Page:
Laravel 9 Updates

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Laravel has dominated the PHP web framework landscape for many years now. If you build custom PHP websites, chances are you have used the framework once or twice and know that a Laravel update comes out every six months.

Laravel v9 released on 8 February 2022, and it offers plenty of new features.

Laravel’s release history

While past releases of Laravel occurred every six months, the new release cycle going forward will be every 12 months, which ensures the release syncs with Symfony — which Laravel uses behind the scenes — and allows the development team more time to fix any bugs that occur when interacting with the Symfony framework.

Here is a breakdown of the most recent and upcoming Laravel releases:

Version PHP Version Release Bug Fixes Until Security Fixes Until
6 (LTS) 7.2 – 8.0 September 3rd, 2019 January 25th, 2022 September 6th, 2022
7 7.2 – 8.0 March 3rd, 2020 October 6th, 2020 March 3rd, 2021
8 7.3 – 8.1 September 8th, 2020 July 26th, 2022 January 24th, 2023
9 (LTS) 8.0 – 8.1 February 8th, 2022 February 8th, 2024 February 8th, 2025
10 8.0 – 8.1 February 7th, 2023 August 7th, 2024 February 7th, 2025

You can see that version 9 is the new long-term support version, replacing version 6, which will no longer be supported by the end of this year. As of this month, v7 is no longer supported at all, so if you are using Laravel 6 or 7, it’s time to upgrade to v9.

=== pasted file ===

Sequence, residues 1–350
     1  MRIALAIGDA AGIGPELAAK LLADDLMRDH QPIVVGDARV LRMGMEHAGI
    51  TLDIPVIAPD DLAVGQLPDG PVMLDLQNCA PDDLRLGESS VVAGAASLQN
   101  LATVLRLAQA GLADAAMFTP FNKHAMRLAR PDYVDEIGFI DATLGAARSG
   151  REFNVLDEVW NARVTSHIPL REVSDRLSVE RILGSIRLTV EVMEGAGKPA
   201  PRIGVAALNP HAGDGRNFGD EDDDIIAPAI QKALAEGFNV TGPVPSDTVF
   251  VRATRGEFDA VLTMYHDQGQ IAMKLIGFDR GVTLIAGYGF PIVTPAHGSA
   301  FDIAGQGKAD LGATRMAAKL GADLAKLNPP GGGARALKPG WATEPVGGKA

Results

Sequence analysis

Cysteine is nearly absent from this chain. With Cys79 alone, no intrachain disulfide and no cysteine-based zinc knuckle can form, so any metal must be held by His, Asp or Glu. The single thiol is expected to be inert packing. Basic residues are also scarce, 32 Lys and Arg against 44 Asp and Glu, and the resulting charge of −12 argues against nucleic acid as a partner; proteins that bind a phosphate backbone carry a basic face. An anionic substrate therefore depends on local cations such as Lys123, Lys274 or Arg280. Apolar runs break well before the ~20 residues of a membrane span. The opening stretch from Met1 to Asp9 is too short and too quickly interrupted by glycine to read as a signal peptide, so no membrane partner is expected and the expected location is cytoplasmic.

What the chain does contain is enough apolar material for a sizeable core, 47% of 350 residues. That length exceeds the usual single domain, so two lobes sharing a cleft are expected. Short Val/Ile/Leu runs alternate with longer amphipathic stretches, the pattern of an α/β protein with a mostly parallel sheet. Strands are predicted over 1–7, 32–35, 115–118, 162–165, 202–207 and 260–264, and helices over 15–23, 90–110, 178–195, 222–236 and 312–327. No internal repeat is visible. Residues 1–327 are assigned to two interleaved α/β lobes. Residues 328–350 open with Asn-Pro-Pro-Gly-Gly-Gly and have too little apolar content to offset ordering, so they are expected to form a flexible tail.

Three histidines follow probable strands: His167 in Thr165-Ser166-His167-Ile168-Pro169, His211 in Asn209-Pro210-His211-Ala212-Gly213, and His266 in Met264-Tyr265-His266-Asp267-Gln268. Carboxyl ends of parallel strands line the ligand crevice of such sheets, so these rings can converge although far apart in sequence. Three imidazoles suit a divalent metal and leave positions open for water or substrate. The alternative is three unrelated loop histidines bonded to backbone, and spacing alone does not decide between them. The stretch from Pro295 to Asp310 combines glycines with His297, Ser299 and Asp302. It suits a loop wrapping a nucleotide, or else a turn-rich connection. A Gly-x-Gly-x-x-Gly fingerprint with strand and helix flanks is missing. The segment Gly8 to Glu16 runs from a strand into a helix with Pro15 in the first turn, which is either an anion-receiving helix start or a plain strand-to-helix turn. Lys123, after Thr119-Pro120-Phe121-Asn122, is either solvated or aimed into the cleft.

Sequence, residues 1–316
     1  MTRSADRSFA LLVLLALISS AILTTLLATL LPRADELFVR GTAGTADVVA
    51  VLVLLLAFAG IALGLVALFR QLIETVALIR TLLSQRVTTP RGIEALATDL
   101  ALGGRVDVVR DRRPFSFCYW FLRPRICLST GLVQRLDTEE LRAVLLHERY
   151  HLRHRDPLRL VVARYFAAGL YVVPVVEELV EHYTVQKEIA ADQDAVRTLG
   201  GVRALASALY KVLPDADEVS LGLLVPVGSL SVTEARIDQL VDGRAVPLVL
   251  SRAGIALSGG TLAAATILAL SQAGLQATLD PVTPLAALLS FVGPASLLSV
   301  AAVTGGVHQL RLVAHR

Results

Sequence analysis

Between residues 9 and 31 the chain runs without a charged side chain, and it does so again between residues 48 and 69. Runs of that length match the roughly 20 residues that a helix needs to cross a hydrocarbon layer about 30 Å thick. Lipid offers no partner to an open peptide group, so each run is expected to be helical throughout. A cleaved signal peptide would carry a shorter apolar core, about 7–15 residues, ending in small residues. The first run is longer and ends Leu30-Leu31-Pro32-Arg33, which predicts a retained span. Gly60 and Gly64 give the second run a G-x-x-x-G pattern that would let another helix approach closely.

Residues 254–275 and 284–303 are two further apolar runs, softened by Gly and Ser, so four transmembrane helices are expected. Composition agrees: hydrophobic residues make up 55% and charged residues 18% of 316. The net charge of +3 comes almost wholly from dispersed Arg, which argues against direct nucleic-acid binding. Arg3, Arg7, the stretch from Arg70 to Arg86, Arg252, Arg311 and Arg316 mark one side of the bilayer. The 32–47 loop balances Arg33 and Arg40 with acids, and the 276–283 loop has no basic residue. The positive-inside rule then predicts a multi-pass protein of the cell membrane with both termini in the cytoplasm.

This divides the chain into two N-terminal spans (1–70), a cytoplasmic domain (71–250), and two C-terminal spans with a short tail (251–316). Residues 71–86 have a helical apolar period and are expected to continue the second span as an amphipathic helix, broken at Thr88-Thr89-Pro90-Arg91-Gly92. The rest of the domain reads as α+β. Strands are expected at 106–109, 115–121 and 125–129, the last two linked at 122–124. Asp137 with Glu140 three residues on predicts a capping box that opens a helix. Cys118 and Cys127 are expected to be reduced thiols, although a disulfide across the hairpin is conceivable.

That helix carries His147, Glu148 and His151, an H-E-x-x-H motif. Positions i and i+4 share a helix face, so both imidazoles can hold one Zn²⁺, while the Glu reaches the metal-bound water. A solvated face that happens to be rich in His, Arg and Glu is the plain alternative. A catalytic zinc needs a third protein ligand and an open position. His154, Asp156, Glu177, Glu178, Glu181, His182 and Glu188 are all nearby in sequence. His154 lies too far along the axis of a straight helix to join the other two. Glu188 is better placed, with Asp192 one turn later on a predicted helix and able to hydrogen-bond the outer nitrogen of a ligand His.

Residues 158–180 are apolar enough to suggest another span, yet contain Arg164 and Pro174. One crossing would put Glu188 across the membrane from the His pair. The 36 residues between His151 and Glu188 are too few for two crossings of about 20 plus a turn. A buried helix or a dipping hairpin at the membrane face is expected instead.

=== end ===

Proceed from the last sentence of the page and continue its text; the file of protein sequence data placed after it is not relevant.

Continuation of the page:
What’s new in Laravel 9?

In this article, we’ll cover the current major changes in Laravel 9, but expect to see more features and changes soon.

PHP 8 is the minimum requirement

Laravel uses Symfony 6, which requires at least PHP 8. PHP 8 comes with the new just-in-time (JIT) compiler, the OPcache extension, named arguments, and more.

Symfony Mailer replaced Swift Mailer

Swift Mailer, which has been used in Laravel for years, is being removed and will no longer be maintained. In Laravel v9 and future releases, you’ll have to use Symfony Mailer. If you are upgrading an existing Laravel instance, check out the upgrade guide.

Controller route groups

You can now use the controller method of the Laravel 9 Route class to define the controller that will be used for every route in a route group.

use App\Http\Controllers\PostController;

Route::controller(PostController::class)->group(function () {
    Route::get('/post/{id}', 'show');
    Route::post('/post', 'store');
});

Better accessors and mutators in Eloquent

In Laravel 9, you can now use the Illuminate\Database\Eloquent\Casts\Attribute to declare a model prefix with a single non-prefixed term. Using one method call, you can now both get and set attributes.

use Illuminate\Database\Eloquent\Casts\Attribute;

public function username(): Attribute
{
  return new Attribute(
    get: fn ($value) => strtoupper($value),
    set: fn ($value) => $value,
  );
}

Fulltext indexes and where clauses

If you are using MySQL or PostgreSQL in your Laravel application, you can now use the fulltext method on the column definitions in your migration files to generate full-text indexes.

$table->text('content')->fullText();